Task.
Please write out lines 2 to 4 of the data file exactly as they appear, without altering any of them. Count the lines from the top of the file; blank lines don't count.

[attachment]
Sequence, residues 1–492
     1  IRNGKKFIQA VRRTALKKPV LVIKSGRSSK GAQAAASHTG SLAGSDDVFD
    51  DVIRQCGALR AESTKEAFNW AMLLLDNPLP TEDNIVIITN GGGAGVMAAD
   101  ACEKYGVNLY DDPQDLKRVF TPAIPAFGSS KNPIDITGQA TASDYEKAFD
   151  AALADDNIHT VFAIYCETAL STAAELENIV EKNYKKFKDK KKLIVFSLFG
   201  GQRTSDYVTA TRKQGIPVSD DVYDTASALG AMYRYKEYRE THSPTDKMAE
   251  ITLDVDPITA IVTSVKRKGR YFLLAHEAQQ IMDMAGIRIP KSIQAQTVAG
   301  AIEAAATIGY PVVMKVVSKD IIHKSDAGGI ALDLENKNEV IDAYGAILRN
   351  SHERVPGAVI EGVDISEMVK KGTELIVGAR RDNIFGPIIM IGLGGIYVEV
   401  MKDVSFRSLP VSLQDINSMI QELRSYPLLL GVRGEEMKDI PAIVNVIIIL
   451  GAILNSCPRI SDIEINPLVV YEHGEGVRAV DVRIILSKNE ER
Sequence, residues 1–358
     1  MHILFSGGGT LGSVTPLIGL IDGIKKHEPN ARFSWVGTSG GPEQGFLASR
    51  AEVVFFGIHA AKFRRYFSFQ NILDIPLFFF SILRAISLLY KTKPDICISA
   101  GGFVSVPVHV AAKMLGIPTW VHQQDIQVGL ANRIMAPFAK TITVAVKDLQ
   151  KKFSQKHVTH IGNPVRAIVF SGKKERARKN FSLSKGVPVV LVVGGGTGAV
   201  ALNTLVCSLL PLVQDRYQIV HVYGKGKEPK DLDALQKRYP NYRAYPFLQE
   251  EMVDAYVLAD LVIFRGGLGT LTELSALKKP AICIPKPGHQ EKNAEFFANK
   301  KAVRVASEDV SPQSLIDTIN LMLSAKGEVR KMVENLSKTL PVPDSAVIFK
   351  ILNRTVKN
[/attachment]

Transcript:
     1  IRNGKKFIQA VRRTALKKPV LVIKSGRSSK GAQAAASHTG SLAGSDDVFD
    51  DVIRQCGALR AESTKEAFNW AMLLLDNPLP TEDNIVIITN GGGAGVMAAD
   101  ACEKYGVNLY DDPQDLKRVF TPAIPAFGSS KNPIDITGQA TASDYEKAFD